Carbon footprints and food

Discussion in 'Off-Topic' started by studiot, Dec 15, 2009.

  1. studiot

    Thread Starter AAC Fanatic!

    Nov 9, 2007
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    Since we are discussing food in off-topic at the moment I thought I would publish a few figures now that supermarkets (Tesco) are putting the carbon footprint on labels. These are all UK figures, so will be different for other countries.

    The provide a global total in Kg of carbon dioxide released per tonne of product delivered, including transport and packaging.

    Granulated sugar.................870
    Fresh pineapple.................1300
    Jaffa cakes.......................2500
    Tea bags..........................4100
    Cheddar cheese.................9800
    Instant coffee................130000

    By comparison road making asphalt is 45 kg/tonne delivered.
     
  2. loosewire

    AAC Fanatic!

    Apr 25, 2008
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    So how does my Instant coffee react In my body,give me some how and whys.
     
  3. Paulo540

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    Nov 23, 2009
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    I love instant coffee, it saves me from going to starbucks, so it should say 129998 instead.
     
  4. jpanhalt

    AAC Fanatic!

    Jan 18, 2008
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    Actually, one tonne (does that mean a metric ton?) of instant coffee saves you approximately a zillion trips to Starbucks. It may likely have a negative carbon footprint by comparison.

    In reality, the problem with those numbers is that one is comparing apples to oranges (pineapples to instant coffee). For more meaningful comparisons, at least by casual examination, the denominator should take into consideration a ready-to-use factor. A tonne of instant coffee is a lot (more than 100 tonnes, my version takes 2g for 250 mL) of ready-to-drink coffee. A tonne of granulated sugar is already ready to use. A tonne of asphalt doesn't go very far.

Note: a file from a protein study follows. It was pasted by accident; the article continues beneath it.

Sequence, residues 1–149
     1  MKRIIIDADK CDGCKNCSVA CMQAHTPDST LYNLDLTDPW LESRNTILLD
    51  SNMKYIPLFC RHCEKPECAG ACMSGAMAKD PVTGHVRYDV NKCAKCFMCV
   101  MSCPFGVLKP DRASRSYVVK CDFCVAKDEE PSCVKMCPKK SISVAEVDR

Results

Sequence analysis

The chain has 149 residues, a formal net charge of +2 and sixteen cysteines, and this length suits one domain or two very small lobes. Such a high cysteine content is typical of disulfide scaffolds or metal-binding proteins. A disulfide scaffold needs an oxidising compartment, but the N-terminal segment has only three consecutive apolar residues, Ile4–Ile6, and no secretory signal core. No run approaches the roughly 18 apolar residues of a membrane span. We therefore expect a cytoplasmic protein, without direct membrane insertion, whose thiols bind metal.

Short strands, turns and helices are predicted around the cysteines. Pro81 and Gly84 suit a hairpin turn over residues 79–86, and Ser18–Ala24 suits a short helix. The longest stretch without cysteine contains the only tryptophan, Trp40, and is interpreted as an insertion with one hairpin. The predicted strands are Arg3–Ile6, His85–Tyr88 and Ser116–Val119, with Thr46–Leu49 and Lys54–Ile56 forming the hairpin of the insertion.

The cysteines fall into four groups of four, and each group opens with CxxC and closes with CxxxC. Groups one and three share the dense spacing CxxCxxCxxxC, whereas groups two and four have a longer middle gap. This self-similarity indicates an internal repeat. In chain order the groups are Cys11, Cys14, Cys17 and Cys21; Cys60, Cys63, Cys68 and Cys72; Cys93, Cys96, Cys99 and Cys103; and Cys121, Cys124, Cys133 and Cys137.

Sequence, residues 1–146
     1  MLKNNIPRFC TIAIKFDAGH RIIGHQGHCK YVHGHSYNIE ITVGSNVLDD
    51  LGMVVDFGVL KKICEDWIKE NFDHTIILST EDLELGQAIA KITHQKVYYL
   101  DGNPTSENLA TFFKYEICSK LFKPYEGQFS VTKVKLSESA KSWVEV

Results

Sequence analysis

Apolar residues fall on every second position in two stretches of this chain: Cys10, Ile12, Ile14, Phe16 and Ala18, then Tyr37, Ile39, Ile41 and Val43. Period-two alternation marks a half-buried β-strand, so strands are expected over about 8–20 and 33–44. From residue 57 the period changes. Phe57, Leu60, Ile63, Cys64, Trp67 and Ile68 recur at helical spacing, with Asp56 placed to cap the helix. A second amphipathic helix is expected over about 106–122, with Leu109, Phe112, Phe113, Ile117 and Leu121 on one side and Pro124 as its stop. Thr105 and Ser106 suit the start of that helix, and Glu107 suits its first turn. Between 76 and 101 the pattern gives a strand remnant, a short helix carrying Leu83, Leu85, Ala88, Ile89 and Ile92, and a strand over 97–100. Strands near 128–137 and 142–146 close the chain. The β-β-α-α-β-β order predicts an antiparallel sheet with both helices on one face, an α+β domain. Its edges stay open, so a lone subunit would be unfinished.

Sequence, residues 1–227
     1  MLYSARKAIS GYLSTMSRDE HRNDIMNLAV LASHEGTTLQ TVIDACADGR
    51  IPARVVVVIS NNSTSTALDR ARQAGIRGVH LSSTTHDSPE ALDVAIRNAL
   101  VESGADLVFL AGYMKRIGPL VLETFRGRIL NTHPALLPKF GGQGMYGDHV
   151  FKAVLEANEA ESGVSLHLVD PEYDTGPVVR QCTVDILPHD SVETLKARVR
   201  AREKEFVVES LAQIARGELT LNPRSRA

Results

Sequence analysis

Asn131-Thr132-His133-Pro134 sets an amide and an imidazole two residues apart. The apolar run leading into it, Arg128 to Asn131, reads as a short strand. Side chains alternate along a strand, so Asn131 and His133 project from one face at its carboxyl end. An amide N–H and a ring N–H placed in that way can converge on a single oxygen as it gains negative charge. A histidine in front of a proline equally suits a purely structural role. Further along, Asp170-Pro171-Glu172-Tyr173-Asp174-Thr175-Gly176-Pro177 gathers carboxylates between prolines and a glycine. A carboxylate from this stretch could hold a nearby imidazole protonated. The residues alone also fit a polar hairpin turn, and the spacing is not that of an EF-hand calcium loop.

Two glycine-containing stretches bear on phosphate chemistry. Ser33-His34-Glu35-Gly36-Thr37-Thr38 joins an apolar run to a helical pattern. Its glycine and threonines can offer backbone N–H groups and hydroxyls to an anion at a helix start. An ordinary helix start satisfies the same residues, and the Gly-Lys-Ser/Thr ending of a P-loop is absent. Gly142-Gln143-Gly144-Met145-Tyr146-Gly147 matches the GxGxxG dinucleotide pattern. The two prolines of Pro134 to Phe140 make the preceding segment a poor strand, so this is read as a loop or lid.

John
     
  5. maxpower097

    Well-Known Member

    Feb 20, 2009
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    Great idea but that won't fly in the US. We have lobbiest who's sole job is to prevent us from knowing this kind of info. :)
     
  6. studiot

    Thread Starter AAC Fanatic!

    Nov 9, 2007
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    John, what is a ready to use factor?

    I think the high figure for instant coffee reflects the fact that the unit considered is a glass jar containing 100g. So you have to manufacture 10,000 of these glass jars per tonne of coffee.
    The pineapple unit was one whole fruit.
     
  7. jpanhalt

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    Jan 18, 2008
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    It is common in the US to express dietary values in units/serving. Clearly, the difference between instant coffee and pineapple would be a lot less should one compare a cup of instant coffee (ready to drink) with 2 to 3 slices of pineapple.

    I was being somewhat lighthearted in my statement. More seriously, I find such so-called data relatively meaningless, as it is never stated exactly how all contributors to the production are considered. Personally, I don't like or drink instant coffee, so I will rest easier tonight knowing that my Scotch has a lower carbon footprint per tonne.

    John
     
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